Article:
Editing the documents

 

Editing the Documents

The manuscript archive for these documents is held at East Sussex Record Office (document references are listed here), who are considering making images of these available online. This website displays searchable transcripts of the documents.

Like all documents from this period, there are numerous spelling variations in the originals, and these and the unfamiliar punctuation (or lack of it) make them difficult to read. The transcripts are therefore displayed here in two versions:

  1. with the original spelling, capitalisation, contractions and punctuation
  2. with all these modernised

Deletions and insertions have been retained in both versions. Contractions are indicated in the 'original' version with apostrophes. Missing or illegible words are indicated in both versions with dashes.

Only the modernised version is searchable. The standardisation of its spelling makes it the more suitable format for systematic searching. The 'original' version of each document (or each page in a document) has been placed below the modernised text in the form of an image. In this format, which reproduces as nearly as possible the layout of the manuscript, showing the position of it's deletions, insertions, line breaks and missing parts, it retains the original layout features regardless of display size.

Many of the manuscript pages are frayed or torn down one or both sides. Since these omissions can sometimes make the text difficult to read, keeping to the line-lengths of the manuscript in the 'original' version, can help make sense of the text that is legible. The worst example is the deposition of Elizabeth King, shown below.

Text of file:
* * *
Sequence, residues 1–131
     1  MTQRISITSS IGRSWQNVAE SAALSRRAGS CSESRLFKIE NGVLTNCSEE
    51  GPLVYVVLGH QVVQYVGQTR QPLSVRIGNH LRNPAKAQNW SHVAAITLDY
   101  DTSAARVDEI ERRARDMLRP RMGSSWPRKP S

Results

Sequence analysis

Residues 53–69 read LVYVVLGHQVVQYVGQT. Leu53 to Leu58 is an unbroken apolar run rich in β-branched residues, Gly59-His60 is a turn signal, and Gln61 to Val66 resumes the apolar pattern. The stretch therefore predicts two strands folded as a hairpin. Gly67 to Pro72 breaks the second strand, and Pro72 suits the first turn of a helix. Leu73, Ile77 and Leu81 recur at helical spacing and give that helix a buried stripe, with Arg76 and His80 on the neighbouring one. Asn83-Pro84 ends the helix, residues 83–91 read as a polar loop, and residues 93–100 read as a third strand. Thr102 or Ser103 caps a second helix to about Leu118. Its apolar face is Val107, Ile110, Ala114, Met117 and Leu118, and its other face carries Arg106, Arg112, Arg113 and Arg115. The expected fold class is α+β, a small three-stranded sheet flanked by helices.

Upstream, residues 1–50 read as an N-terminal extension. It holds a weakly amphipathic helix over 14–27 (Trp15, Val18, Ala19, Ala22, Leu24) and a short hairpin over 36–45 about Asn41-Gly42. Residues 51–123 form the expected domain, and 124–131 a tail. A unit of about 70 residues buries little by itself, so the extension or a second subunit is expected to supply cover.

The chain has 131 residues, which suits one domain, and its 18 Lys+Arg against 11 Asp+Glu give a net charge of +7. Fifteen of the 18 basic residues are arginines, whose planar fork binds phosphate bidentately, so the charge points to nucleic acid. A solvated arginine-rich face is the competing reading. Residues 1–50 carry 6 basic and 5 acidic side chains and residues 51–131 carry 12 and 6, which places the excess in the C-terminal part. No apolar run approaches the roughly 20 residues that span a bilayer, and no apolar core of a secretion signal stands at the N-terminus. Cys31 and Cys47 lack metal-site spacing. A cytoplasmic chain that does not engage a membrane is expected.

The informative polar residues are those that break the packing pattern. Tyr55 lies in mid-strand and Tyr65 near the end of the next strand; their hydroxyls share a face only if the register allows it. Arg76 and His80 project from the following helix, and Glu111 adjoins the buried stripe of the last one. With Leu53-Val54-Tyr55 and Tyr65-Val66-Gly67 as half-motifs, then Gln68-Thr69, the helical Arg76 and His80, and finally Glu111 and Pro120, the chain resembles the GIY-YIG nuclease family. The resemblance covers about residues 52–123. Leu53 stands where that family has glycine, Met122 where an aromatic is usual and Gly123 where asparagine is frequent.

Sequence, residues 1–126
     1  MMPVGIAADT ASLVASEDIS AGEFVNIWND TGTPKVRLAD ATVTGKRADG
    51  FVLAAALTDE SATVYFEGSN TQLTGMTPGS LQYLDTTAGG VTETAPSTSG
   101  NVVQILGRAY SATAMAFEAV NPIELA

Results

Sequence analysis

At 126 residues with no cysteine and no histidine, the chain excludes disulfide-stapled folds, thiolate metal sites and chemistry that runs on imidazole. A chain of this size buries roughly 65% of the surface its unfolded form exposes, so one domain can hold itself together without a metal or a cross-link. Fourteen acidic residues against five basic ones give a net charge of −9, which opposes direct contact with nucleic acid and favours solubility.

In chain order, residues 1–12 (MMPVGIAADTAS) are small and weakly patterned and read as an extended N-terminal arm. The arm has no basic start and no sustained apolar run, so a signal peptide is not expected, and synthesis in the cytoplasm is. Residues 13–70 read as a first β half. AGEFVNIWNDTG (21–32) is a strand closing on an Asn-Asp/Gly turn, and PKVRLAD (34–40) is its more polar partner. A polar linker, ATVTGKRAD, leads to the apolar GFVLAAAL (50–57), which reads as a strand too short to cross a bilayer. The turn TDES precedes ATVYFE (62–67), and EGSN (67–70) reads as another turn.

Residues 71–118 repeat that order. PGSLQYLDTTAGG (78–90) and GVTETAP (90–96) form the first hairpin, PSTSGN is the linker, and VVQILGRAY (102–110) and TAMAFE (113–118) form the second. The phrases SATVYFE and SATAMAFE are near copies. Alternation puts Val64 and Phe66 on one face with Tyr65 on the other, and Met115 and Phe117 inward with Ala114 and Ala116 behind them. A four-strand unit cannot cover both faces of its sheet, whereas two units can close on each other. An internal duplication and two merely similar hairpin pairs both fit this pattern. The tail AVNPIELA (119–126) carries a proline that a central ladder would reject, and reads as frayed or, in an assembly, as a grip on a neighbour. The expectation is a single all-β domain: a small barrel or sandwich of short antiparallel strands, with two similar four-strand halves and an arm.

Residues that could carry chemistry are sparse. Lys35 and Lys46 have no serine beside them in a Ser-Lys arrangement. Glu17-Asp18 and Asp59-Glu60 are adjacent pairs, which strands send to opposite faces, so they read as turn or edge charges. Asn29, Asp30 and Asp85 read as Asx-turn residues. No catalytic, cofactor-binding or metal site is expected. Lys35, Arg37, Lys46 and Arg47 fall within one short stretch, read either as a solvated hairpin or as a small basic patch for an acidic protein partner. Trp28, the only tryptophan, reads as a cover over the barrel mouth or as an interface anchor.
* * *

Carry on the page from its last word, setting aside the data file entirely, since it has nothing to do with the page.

The line-lengths in these images vary in size according to the size of the sheet of paper, or of the scribe's handwriting, or both, and if they are very long, the text may be reduced in size to fit onto the webpage.  If the text in the image is too small to read easily, right-click on it, or hold down the mouse button,  choose View Image, and you can then zoom in (e.g. press the CTRL button and +). Very occasionally a line that is longer than most of the others in the document has been split - a plus sign indicates this, with the overflow of the line right-aligned on the page (example here). Exceptionally, in the final document (BL Harley MS 358 no.47 fol. 188, which is not in the ESRO collection) in which all lines are very long, the line overflows (sometimes there are two) are left-aligned with the + sign.

A distinctive feature of these documents is the speech of the townspeople that is often recorded in them. Most of this speech is unfortunately rendered in the third person by the town clerk for legal reasons, but in order to increase its immediacy for the reader, it has here been italicised. If on occasion the town clerk forgot to record the speech in the third person, it has been both italicised and surrounded by quotation marks (example here).

Not being able to search for original spellings has one particular drawback - the use of Sussex (or in this instance, Kentish) dialect for the word fairies by George Taylor. Plurals sometimes involved adding two 's's to a word, in particular rendering fairies as fayereses (see his letter). This was noted in 19th century discussions of this topic (when they were sometimes confused with the biblical Pharisees, so we are told!).*

Note that it is not always clear from the manuscript whether a letter is capitalised or not, and also whether variations in spelling are simply that, or actually indicate different words (e.g. teld and told).


* Simpson, J. 1973. The Folklore of Sussex, p.53.